Recommendation: To address State's persistent foreign language proficiency shortfalls in the U.S. Foreign Service, and to more accurately measure the extent to which language-designated positions are filled with officers who meet the language requirements of the position, the Secretary of State should revise the department's methodology in its Congressional Budget Justifications and annual reports to Congress on foreign language proficiency. Specifically, the department should measure and report on the percentage of officers in language-designated positions who have tested at or above the level of proficiency required for the position, rather than officers who have been assigned to language training but who have not yet completed this training.
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An FS candidate (declined to be publicly identified for fear of adverse reaction) who has a 5/5 in a superhard language wrote to Diplopundit not too long ago. The candidate made it to the orals but scored a teensy weensy point short of the score needed to pass (we’re talking less than a full point). But here’s the contortion in this entrance process that is out of step with current realities – the candidate’s language skills only came into consideration after the applicant passed the orals (by getting a 0.4 - 0.5 boost on the Register). State HR apparently treats a 2/2 in hard and superhard languages the same way as a 5/5 in the application process (QEP and post-orals). But... but ... the difference between an elementary 2/2 and a native speaker 5/5 is almost like an ocean, yes, the Pacific one. Can you really order a beer and also explain our foreign policy in Afghanistan with a 2/2 in Dari? I think not.
A 5/5 in superhard languages like Chinese, Korean, Arabic and Japanese is rarely achieved through a couple of years of training at FSI and even getting to a 4/4 takes years of constant practice. So -- because the FS entry process is wedded to the 1950’s, we instead hire somebody who has no Chinese, no Korean, no Arabic and no Japanese, spend time (a luxury we don’t have) and money (we don’t have, and thus borrowed) training him/her for a language that he/she may never use beyond 3/3 for the near future. In US Embassy Yemen’s example, a senior official complained that a level 3/3 speaking/reading proficiency in Arabic is not enough for mission officers to participate in debates about U.S. foreign policy in Arabic.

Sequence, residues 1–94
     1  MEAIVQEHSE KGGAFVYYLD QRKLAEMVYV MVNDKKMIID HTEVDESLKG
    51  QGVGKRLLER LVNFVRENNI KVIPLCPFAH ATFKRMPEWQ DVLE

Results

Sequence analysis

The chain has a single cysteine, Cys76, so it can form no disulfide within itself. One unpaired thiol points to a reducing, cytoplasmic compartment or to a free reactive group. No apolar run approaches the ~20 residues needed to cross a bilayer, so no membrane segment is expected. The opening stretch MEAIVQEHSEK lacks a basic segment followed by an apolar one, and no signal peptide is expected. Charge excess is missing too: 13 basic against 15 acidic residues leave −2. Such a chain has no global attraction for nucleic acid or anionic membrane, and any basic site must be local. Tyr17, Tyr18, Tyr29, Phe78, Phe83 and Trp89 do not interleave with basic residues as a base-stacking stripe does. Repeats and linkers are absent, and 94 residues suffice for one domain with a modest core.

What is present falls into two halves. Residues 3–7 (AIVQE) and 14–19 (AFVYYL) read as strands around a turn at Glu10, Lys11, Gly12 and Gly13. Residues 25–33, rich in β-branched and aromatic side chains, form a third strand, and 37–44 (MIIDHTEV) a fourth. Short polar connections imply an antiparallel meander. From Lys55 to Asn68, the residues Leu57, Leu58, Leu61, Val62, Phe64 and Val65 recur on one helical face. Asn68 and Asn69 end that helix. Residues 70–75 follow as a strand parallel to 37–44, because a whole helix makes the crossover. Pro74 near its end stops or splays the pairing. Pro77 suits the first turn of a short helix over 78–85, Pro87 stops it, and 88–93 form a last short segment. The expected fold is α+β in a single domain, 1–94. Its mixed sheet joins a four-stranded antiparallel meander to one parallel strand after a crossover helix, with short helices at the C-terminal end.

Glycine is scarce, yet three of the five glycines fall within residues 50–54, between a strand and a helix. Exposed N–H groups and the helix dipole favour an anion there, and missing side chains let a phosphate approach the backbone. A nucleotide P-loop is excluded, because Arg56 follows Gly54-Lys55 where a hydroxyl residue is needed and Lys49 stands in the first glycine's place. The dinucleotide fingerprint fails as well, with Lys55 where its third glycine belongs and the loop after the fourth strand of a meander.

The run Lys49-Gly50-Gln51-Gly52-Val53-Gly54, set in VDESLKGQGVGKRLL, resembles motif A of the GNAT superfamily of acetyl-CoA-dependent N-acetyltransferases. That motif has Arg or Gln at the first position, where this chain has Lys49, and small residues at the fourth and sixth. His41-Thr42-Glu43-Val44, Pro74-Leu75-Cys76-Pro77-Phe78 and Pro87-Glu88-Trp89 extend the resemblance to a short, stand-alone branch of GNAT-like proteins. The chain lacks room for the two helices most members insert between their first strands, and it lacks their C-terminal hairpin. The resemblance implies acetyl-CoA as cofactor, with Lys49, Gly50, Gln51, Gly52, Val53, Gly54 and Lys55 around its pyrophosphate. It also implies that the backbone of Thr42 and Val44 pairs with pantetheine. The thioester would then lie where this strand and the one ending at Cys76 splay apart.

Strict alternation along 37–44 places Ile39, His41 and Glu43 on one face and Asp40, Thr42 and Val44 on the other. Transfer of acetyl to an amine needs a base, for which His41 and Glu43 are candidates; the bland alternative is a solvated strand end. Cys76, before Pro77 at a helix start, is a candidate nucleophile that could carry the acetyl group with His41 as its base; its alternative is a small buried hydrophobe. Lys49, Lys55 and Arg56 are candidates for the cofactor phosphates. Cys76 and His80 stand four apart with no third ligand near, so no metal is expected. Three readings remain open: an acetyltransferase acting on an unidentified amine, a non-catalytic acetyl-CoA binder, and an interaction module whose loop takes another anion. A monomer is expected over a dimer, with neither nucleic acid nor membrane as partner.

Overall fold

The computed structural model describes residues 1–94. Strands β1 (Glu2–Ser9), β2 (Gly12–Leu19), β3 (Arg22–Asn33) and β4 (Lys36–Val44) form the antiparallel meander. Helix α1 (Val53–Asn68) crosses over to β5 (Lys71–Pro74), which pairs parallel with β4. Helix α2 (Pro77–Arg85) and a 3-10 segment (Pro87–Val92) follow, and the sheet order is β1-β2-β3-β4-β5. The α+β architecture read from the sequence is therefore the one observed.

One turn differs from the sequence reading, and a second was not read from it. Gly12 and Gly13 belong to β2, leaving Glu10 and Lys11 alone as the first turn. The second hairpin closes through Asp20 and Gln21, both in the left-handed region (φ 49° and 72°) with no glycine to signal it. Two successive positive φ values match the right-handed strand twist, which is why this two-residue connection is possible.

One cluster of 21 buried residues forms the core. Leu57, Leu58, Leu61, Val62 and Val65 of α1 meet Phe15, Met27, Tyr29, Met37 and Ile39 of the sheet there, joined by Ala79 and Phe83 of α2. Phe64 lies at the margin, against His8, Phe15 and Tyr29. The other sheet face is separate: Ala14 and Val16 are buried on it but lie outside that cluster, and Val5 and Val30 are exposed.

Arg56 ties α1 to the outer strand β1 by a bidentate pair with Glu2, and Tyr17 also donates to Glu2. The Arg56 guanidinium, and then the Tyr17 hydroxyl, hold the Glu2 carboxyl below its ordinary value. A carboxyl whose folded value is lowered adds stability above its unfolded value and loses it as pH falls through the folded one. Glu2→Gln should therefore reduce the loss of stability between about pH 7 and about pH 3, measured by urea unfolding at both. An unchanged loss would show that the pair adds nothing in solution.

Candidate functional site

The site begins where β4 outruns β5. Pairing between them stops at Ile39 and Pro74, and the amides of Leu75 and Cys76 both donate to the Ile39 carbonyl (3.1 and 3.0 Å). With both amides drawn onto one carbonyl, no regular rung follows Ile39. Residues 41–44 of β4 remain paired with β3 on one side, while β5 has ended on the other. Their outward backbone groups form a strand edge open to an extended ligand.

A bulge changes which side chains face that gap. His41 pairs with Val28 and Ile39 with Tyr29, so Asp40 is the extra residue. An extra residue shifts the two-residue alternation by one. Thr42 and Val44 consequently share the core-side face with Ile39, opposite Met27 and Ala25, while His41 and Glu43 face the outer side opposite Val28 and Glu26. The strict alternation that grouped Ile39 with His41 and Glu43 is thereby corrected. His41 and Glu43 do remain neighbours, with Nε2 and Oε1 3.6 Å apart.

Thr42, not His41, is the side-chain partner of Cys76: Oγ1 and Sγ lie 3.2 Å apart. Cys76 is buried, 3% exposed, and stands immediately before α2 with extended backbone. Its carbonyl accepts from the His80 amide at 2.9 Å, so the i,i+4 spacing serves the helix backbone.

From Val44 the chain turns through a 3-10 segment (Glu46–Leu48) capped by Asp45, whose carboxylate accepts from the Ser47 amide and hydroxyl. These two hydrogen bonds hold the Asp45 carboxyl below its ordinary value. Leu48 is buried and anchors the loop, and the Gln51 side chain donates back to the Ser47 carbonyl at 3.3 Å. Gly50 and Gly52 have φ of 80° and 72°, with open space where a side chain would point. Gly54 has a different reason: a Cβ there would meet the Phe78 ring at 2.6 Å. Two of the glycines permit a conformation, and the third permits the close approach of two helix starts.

And there my friends is a bullheaded strategy for you.
See my previous posts on this topic:
- Language Shortfalls at the State Department, Revisited
- More on the State Department’s Arabic Training
- Arabic 3.5: Better Than Nothing Part II
- Insider Quote: A Case of Better Than Nothing?
- Insider Quote: Big Language Hullabaloo Not New
Department of State: Comprehensive Plan Needed to Address Persistent Foreign Language Shortfalls | GAO-09-955, September 17, 2009
State Department: Staffing and Foreign Language Shortfalls Persist Despite Initiatives to Address Gaps | GAO-07-1154T, August 1, 2007
Department of State: Staffing and Foreign Language Shortfalls Persist Despite Initiatives to Address Gaps | GAO-06-894, August 4, 2006
State Department: Targets for Hiring, Filling Vacancies Overseas Being Met, but Gaps Remain in Hard-to-Learn Languages | GAO-04-139, November 19, 2003
Foreign Languages: Workforce Planning Could Help Address Staffing and Proficiency Shortfalls: GAO-02-514T, March 12, 2002
Foreign Languages: Human Capital Approach Needed to Correct Staffing and Proficiency Shortfalls | GAO-02-375, January 31, 2002